In addition to experiential learning activities in the Martin ArtQuest® Gallery, Weaving Splendor is complemented by an education gallery with illustrated reference books, a place for guests to reflect and respond, and an area where contemporary fiber artists will talk about and show their processes. A schedule of live demonstrations will be updated at FristArtMuseum.org and will also be available on a touch screen in the gallery.
Thursday, October 6
Curators’ Perspectives: Textile Treasures from Asia in Weaving Splendor
Free; first come, first seated
Presented by Ling-en Lu, Curator of Chinese art; Kimberly Masteller, Jean McCray Beals Curator of South and Southeast Asian Art; and Yayoi Shinoda, Assistant Curator of Japanese art, The Nelson-Atkins Museum of Art
The world has always turned to Asia for luxurious textiles. In this special presentation about fine textiles and garments from The Nelson-Atkins Museum of Art, guests will have an opportunity to see why. Join Nelson-Atkins curators Ling-en Lu, Kimberly Masteller, and Yayoi Shinoda for a close examination of some of the sumptuous textile treasures from across Asia featured in Weaving Splendor.
At this lecture, attendees will be introduced to works ranging from intimate objects worn on the body to objects that define and enliven interior spaces, to dynamic costumes that support narratives in performances, to symbol-laden objects that communicate power and wealth. Each one of these works reveals a fascinating story, including a golden robe made for a Chinese prince of the Qing dynasty, a silk carpet created by the ruler of Persia as a gift to the pope in Rome, and monumental Japanese tapestries produced for Western consumption around the turn of the twentieth century.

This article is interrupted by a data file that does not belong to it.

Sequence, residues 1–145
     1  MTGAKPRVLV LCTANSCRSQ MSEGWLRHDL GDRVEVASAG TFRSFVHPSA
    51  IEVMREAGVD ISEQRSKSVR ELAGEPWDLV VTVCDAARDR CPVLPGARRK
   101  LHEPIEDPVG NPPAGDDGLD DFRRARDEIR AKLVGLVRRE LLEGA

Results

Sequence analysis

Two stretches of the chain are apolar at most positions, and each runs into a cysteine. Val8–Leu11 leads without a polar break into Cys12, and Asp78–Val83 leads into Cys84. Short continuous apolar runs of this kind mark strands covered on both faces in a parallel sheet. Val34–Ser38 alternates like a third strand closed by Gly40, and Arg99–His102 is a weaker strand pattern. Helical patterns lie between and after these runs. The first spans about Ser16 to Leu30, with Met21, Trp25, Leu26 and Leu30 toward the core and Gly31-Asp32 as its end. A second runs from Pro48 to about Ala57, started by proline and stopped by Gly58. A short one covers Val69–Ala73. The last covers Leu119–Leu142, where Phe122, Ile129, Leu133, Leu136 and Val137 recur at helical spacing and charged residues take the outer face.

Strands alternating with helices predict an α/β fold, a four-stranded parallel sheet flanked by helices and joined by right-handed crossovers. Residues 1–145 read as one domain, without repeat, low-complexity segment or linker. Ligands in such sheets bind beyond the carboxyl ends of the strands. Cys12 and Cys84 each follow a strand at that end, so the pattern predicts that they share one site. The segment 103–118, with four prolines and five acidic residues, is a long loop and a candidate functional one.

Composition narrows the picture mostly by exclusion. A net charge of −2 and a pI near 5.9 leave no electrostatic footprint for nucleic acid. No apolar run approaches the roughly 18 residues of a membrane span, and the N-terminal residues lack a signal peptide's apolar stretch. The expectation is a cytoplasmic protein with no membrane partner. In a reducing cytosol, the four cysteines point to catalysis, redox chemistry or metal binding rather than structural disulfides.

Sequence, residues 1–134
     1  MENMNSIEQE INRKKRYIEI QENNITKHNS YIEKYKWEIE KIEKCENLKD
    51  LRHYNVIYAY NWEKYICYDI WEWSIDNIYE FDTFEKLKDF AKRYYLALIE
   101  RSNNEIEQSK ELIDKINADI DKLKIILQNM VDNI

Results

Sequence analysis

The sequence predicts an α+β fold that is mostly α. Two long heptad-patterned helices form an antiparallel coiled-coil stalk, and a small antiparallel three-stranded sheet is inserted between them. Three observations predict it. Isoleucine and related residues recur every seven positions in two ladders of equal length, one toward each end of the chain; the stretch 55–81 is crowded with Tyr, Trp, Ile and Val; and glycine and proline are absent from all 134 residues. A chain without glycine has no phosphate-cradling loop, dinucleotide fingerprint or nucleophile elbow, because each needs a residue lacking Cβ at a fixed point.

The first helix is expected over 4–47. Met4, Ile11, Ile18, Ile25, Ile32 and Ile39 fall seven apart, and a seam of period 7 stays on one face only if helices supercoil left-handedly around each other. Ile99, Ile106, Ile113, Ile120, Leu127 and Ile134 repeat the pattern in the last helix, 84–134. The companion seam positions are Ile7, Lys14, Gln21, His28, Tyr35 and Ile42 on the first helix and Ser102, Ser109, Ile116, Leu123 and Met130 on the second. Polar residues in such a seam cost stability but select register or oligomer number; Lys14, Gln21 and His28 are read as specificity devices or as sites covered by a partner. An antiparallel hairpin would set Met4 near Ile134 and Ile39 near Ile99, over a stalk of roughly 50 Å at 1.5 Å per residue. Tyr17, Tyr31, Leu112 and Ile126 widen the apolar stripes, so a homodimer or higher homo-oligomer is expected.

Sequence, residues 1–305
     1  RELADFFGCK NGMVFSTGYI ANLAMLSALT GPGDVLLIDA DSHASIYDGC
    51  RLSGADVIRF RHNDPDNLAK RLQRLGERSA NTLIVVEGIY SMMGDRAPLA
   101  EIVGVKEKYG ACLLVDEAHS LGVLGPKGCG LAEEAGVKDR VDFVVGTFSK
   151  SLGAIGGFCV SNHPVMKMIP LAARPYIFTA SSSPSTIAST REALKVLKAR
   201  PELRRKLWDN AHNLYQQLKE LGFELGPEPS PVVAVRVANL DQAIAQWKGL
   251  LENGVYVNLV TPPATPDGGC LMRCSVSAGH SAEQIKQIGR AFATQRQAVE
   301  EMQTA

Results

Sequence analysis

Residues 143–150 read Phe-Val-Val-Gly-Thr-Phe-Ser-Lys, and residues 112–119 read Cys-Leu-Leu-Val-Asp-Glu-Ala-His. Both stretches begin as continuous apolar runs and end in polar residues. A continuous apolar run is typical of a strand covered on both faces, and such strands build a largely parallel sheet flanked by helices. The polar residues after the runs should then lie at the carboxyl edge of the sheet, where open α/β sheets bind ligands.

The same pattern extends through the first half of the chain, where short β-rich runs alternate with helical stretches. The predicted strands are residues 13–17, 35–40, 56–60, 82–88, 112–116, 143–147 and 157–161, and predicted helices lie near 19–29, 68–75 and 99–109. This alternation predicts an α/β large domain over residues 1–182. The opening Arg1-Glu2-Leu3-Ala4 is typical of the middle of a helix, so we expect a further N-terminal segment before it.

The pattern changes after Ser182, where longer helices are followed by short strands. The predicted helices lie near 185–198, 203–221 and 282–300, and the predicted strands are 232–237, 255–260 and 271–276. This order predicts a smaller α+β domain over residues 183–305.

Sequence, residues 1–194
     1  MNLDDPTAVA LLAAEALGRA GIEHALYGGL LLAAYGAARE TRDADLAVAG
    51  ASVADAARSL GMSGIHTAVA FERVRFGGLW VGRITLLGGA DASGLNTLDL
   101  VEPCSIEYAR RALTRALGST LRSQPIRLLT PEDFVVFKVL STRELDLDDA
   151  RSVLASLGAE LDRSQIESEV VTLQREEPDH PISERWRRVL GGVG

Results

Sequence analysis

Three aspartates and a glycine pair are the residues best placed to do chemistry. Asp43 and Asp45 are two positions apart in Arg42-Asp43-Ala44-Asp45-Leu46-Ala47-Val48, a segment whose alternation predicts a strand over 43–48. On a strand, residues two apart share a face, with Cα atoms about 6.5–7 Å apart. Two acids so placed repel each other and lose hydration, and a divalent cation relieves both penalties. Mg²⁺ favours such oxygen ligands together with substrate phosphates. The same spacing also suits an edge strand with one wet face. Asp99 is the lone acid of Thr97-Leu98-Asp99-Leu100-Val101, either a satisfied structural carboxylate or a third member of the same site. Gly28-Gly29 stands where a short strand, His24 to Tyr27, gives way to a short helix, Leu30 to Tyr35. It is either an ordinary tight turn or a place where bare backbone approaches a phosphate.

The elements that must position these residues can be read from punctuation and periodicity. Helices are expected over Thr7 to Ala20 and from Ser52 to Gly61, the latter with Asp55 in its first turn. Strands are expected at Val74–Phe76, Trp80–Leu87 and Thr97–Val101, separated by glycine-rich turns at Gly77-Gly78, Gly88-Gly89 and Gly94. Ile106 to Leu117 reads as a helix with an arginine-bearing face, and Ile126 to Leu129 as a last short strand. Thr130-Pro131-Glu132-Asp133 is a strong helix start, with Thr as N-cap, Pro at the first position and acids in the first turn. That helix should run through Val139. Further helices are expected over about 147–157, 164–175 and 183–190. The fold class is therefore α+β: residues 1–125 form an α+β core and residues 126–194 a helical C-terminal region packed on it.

Organized by The Nelson-Atkins Museum of Art, Kansas City, Missouri
1. Japan, Edo period (1615–1868). Kyōgen costume (suō-type), first half of the 19th century. Asa (bast fiber) with stencil dyeing; 41 1/2 x 82 1/2 in. The Nelson-Atkins Museum of Art, Purchase: William Rockhill Nelson Trust, 31 -142/60
2. China (Ming dynasty, 1368–1644). Chair cover (detail), 17th century. Kesi (silk tapestry) woven with silk and metallic threads; 20 3/8 x 63 3/4 in. The Nelson- Atkins Museum of Art, Gift of Mr. and Mrs. Earl Morse, 59-18/5
3. Chinese (Qing dynasty, 1644–1911). Flag for theater, 17th–18th centuries. Silk and metallic thread embroidery on silk satin; 70 x 91 in. The Nelson-Atkins Museum of Art, Purchase: William Rockhill Nelson Trust, 32-187/2
Platinum Sponsor: HCA Healthcare/TriStar Health
Hospitality Sponsor: Union Station Hotel
Spanish Translation Sponsor: Center for Latin American, Caribbean, and Latinx Studies at Vanderbilt University
Funded in part by Hays Foundation
Supported in part by Judy and Joe Barker
The Frist Art Museum is supported in part by The Frist Foundation, Metro Arts, the Tennessee Arts Commission, and the National Endowment for the Arts.